- Reform Social Care Funding
- Reinstate Sacked Staff
- Ringfence longterm personal care fund accounts
Social Care planning. Traditionally, UK Governments collect tax (in different guises), and then spend the monies collected on what they think best.
We have a system of robbing Peter to pay Paul which has existed since the 1950’s, for Pensions as well as long term care.
We need a growing workforce every year to pay NI to fund the ever growing Pension and Social Care requirements.
Unless we take steps to break this cycle, it will never end.
Imagine a Country where we put the Pension and Care portion of your National Insurance (NI) into a personal savings fund. This fund would grow across 50 years, providing a greatly enhanced fund to finance your Pension and Social Care requirements.
The current state pension is a maximum of £179 per week, or £775 per month.
If the same NI payments were invested in your name for your 50 year working life then the same money would pay you around £2,500 per month.
There would of course be some financial pain switching to a sustainable pension and care system that will look after us much better in retirement, but if we don’t reform the system and put a graduated switching process in place we will never reach the point when the system looks after us adequately.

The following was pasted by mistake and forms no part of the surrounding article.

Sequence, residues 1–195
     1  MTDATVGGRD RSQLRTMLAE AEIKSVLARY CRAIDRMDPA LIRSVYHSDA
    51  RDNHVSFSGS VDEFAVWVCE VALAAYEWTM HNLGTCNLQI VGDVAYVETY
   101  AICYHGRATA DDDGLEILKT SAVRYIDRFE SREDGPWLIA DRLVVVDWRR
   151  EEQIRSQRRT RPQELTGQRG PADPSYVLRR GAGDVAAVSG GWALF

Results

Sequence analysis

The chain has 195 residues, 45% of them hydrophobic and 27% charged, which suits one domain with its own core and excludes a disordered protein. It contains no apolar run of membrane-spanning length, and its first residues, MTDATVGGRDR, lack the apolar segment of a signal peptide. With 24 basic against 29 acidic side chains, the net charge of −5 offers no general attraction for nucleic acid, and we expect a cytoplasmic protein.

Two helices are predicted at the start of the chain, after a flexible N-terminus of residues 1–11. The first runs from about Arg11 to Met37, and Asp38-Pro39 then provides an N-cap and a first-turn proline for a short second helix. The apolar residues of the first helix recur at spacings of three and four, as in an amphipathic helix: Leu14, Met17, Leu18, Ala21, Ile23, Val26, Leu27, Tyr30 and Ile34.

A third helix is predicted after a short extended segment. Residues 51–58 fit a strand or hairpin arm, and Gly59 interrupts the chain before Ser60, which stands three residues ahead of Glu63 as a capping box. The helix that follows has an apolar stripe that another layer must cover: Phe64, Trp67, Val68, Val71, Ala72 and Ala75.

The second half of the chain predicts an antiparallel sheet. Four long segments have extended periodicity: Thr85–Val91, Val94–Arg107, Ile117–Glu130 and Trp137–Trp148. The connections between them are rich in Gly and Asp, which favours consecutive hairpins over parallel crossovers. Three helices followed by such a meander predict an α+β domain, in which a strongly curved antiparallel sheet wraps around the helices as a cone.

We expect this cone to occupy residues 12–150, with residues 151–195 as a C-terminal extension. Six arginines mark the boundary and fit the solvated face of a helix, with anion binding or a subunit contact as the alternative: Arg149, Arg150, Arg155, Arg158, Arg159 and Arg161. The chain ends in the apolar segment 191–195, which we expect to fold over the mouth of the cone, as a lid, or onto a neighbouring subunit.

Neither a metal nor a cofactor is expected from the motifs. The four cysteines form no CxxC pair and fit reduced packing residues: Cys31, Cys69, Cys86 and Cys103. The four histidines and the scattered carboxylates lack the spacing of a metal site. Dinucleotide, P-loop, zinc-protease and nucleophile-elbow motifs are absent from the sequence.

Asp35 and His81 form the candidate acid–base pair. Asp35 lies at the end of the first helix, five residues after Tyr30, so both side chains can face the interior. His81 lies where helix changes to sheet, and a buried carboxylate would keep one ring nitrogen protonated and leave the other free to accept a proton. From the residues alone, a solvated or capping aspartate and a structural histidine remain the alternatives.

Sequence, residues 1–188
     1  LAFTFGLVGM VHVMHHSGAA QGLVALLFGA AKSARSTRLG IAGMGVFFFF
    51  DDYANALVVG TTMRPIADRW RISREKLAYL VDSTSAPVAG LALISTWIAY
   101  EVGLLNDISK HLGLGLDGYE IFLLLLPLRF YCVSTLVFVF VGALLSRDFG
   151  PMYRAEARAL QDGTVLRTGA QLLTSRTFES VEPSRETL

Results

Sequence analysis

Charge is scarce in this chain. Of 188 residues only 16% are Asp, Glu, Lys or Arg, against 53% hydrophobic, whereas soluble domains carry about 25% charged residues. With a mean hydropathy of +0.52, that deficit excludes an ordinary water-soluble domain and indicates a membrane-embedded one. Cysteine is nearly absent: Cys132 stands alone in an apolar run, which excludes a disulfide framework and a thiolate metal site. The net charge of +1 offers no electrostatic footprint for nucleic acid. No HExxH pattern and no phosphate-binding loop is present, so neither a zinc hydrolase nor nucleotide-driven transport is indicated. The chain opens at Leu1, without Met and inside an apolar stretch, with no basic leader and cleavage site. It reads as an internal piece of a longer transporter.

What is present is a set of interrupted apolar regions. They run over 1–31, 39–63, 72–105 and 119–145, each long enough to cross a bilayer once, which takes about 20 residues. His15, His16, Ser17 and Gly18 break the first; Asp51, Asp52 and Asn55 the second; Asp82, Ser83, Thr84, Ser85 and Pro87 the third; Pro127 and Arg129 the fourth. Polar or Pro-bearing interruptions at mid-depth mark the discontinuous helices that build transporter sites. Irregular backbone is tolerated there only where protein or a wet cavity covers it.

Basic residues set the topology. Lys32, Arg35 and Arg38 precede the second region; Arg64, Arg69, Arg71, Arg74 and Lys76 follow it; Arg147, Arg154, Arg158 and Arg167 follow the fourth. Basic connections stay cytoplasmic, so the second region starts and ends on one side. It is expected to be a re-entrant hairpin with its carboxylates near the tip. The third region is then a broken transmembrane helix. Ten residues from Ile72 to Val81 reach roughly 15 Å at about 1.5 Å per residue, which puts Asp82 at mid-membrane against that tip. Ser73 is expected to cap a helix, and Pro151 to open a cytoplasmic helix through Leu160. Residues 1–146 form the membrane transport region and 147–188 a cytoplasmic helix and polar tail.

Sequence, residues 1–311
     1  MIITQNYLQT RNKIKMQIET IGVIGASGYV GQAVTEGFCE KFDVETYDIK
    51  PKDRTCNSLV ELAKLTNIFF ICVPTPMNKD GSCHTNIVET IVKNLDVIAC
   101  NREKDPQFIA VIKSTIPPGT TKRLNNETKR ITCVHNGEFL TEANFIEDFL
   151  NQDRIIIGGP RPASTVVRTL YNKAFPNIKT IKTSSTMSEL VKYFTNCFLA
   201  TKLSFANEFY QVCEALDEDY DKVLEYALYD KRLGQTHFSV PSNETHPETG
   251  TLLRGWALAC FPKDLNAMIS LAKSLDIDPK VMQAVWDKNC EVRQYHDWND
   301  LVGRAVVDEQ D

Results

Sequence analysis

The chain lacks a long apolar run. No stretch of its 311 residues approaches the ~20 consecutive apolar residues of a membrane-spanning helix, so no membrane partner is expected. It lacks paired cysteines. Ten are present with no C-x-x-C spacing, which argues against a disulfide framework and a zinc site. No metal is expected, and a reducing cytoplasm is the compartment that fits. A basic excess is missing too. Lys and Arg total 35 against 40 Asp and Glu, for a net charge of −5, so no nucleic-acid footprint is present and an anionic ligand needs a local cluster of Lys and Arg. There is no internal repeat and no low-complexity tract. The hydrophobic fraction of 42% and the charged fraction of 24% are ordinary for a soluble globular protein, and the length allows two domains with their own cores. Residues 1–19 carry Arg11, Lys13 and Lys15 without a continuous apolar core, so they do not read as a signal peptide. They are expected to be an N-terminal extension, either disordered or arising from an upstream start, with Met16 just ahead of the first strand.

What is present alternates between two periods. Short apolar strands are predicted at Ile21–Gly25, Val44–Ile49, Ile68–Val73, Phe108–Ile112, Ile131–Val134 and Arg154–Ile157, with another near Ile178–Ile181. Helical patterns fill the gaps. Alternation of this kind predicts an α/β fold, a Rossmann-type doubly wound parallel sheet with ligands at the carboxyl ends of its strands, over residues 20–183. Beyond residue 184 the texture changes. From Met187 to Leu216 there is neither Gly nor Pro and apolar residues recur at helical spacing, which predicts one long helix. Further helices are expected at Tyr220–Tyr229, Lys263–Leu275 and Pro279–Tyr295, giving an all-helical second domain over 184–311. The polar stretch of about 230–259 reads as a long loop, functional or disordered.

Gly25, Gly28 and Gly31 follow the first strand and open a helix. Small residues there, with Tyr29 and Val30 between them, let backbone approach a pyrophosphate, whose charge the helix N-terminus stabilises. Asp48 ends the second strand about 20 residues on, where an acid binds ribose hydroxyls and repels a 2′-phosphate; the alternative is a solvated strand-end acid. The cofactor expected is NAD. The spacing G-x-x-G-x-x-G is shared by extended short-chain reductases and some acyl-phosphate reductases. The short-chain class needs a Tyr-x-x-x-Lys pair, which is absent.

In these interesting times it’s never been more important to stay connected with each other.
Sign up to my email newsletter and I’ll keep you updated with our campaign progress, events, news and more…Join Email Newsletter
Social Care Funding
Not everyone ends up requiring care. Many people never need to live into a care home, but for those that do it is an expensive proposition. Average care home costs run at around £1000 per week or more. £50,000 per year.
Governments funding private social care homes is an expensive way to run the sector. In essence, the Government is funding the profits of private business.
The Government has recently added 1% to NI to pay for social care (This represents a 10% increase in NI, not just 1% as described). They have redirected it into the NHS in the short term, but technically that 1% is earmarked to fund the care requirements as and when required without taking the total value of your home in exchange.
If this NI contribution we rolled into your personal pension fund, then if you require a care home your fund will be able to fund it, and if you don’t need it, it should be a willable sum you can pass on to your relatives or next of kin.